Sites & cities that bear the name of Akhaltsikhe


Today in : Georgia
First trace of activity : ca. 10th century C.E
Last trace of activity : today
Recorded names : Lomsia, ახალციხე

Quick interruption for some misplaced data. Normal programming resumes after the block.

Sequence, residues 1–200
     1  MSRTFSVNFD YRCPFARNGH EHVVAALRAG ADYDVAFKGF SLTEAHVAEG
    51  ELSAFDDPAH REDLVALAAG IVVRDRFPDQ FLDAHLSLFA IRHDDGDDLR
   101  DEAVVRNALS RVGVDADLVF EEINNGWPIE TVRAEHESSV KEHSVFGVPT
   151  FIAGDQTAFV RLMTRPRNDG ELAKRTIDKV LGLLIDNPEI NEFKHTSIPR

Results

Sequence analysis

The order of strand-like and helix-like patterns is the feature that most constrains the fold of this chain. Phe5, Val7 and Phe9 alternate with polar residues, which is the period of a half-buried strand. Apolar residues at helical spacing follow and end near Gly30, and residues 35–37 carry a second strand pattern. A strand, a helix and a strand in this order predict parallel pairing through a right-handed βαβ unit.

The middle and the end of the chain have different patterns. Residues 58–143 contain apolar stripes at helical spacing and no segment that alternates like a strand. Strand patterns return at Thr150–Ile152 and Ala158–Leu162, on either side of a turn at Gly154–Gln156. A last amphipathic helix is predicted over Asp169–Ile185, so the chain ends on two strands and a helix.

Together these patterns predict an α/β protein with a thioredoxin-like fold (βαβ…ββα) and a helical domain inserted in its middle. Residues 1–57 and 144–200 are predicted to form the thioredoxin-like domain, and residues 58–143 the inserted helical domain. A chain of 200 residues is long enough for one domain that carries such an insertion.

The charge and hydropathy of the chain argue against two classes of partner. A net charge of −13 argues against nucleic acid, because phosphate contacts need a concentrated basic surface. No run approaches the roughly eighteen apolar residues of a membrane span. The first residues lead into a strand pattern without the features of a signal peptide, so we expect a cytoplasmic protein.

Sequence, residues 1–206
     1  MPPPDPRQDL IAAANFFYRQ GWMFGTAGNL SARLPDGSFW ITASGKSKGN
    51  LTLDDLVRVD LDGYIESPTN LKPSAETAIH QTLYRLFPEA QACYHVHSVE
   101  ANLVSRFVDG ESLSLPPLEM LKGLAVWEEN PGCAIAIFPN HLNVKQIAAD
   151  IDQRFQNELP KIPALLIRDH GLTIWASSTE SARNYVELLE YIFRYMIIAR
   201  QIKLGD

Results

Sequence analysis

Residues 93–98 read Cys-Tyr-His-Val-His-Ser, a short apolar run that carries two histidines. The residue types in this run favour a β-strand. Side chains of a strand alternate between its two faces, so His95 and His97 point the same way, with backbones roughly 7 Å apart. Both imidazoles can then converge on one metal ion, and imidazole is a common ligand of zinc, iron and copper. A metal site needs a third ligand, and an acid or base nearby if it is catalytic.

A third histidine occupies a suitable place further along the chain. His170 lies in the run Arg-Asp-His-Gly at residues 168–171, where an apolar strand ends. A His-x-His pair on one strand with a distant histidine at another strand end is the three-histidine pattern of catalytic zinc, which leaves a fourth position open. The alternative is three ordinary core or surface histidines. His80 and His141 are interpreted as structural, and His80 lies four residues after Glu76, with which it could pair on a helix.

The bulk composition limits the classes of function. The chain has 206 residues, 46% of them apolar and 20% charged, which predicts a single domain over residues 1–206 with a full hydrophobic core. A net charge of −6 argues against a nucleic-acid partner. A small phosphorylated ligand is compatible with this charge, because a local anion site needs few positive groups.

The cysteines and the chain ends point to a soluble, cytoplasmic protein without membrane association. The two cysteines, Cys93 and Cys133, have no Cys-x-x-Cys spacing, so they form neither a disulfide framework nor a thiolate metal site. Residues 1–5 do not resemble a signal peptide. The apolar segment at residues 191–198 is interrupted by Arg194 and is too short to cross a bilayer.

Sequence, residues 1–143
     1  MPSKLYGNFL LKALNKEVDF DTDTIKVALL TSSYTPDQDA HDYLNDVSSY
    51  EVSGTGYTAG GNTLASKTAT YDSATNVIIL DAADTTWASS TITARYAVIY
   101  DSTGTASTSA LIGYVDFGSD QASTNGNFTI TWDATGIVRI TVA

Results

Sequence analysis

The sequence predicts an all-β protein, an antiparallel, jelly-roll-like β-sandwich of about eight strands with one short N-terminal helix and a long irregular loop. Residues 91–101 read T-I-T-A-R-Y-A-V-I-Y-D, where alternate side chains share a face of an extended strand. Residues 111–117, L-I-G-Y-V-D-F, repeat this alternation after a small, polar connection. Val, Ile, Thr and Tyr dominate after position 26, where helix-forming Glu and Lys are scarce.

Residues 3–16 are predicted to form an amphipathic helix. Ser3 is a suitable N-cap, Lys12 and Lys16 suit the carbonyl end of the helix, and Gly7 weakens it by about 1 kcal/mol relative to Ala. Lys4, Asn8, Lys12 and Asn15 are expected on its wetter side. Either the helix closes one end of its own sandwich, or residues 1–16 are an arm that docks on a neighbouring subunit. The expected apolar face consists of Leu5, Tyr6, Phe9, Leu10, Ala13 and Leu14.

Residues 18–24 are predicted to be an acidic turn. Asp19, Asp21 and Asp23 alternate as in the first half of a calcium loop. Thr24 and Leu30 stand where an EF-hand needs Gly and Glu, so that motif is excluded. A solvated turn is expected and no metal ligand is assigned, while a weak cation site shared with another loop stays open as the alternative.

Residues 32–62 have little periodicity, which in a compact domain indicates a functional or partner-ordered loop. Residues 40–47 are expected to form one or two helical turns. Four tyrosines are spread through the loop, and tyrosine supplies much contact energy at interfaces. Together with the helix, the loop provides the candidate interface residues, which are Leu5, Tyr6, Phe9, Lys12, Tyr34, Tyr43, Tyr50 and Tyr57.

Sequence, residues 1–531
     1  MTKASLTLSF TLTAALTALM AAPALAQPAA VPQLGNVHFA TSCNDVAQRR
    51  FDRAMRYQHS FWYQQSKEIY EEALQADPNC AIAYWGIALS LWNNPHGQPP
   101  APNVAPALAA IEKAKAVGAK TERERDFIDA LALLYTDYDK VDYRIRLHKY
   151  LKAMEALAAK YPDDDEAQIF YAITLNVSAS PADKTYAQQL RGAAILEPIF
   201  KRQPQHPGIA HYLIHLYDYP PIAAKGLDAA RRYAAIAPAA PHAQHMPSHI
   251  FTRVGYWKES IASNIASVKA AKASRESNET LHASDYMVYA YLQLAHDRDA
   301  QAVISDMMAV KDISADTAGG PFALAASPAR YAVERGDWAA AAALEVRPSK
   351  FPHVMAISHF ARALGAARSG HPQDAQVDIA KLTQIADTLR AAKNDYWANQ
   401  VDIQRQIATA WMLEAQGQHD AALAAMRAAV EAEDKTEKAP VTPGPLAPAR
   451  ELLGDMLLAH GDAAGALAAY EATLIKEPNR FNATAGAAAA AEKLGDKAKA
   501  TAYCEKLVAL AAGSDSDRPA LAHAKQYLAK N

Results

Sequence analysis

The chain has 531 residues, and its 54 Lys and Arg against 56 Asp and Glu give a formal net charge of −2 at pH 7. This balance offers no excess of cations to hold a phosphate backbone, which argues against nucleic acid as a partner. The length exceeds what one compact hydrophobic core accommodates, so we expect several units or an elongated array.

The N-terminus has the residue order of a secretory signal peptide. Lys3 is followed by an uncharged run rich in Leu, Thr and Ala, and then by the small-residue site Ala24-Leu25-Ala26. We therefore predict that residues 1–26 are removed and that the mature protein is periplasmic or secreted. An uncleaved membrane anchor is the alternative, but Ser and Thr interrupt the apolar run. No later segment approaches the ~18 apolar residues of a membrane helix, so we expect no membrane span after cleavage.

Description : Akhaltsikhe (Georgian: ახალციხე , literally "new castle"; formerly known as Lomsia) is a small city in Georgia's southwestern region (mkhare) of Samtskhe–Javakheti. It is situated on the both banks of a small river Potskhovi, which separates the city to the old city in the north and new in the south. In the old part of the city one can see the great Rabati Castle, built by the Ottomans around a mosque, and St. Marine's Church. The hills nearby the city harbour the Sapara Monastery (10th–14th centuries). The vicinity of Akhaltsikhe is rich in other archeological and medieval Georgian monuments. Among them Vale, Okrostsikhe and Zarzma. The city is first mentioned in the chronicles in the 12th century. In the 12th–13th centuries it was the seat of the House of Akhaltsikhe, dukes (atabegs) of Samtskhe Duchy (saatabago), whose two most illustrious representatives were Shalva and Ivane Akhaltsikheli. From the 13th up to the 17th century the city and Samtkhe were governed by the House of Jaqeli. The city suffered numerous invasions by Mongols, Iranians and Turks. In 1576 the Ottomans took it and made it the residence of pasha. From 1628 the city became the centre of the Akhalzik Eyalet of the Ottoman Empire as "Ahıska". In 1828, during the Russo-Turkish War of 1828–1829, Russian troops under the command of General Paskevich captured the city and, as a consequence of the 1829 Treaty of Adrianople (Edirne), it was ceded to the Russian Empire as part of first Kutais and then Tiflis Governorates. In the late 1980s the city was host to the Soviet Army's 10th Guards Motor Rifle Division, which became a brigade of the Georgian land forces after the fall of the Soviet Union.

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